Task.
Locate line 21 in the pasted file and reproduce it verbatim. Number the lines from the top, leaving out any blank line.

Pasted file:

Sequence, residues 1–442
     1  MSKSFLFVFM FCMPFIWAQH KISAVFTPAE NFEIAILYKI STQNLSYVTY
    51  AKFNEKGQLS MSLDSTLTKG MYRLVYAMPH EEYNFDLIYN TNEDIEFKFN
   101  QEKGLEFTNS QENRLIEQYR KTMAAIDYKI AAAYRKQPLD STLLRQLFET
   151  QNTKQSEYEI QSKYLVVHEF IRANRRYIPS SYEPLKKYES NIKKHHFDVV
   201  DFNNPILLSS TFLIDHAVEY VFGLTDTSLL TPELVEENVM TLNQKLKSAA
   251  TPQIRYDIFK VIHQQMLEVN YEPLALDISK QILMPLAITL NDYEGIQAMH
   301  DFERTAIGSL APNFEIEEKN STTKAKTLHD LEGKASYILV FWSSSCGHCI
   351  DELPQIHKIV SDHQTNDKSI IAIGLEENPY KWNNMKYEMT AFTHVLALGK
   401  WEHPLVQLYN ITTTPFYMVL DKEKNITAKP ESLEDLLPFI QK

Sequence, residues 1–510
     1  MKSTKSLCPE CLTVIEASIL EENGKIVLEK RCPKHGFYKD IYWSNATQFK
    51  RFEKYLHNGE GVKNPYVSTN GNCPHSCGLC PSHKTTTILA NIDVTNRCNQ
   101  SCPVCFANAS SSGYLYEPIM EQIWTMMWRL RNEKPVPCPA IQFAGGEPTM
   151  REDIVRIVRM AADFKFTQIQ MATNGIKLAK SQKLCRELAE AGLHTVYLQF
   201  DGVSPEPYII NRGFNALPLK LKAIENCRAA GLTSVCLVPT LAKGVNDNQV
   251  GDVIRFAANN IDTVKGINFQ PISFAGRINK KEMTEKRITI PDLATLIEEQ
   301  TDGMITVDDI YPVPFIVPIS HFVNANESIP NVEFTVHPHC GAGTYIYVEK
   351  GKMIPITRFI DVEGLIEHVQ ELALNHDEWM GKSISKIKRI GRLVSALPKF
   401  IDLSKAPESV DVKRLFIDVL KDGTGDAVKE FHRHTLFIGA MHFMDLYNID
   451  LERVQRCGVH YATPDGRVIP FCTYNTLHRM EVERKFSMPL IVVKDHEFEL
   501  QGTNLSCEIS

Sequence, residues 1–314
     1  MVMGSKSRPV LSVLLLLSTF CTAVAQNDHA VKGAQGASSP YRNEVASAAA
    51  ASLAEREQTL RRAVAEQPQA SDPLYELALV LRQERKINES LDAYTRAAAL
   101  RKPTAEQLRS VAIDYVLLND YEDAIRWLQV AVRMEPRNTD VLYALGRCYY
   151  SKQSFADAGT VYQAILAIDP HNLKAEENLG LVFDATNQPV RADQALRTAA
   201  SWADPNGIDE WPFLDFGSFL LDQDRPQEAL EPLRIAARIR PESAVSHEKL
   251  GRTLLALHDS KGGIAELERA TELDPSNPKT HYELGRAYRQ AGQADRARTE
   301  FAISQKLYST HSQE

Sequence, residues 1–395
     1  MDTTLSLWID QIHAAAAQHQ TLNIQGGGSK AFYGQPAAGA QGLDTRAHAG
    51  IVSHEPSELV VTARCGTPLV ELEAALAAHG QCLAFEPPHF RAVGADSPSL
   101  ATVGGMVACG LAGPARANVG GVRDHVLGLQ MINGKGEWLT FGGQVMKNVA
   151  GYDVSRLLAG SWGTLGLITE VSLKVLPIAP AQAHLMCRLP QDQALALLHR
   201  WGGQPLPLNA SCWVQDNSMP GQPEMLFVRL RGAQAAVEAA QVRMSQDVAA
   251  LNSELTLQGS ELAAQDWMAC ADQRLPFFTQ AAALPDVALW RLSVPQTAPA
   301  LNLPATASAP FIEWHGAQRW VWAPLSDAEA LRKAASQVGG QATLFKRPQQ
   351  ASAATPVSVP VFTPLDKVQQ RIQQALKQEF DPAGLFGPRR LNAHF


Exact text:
   451  LERVQRCGVH YATPDGRVIP FCTYNTLHRM EVERKFSMPL IVVKDHEFEL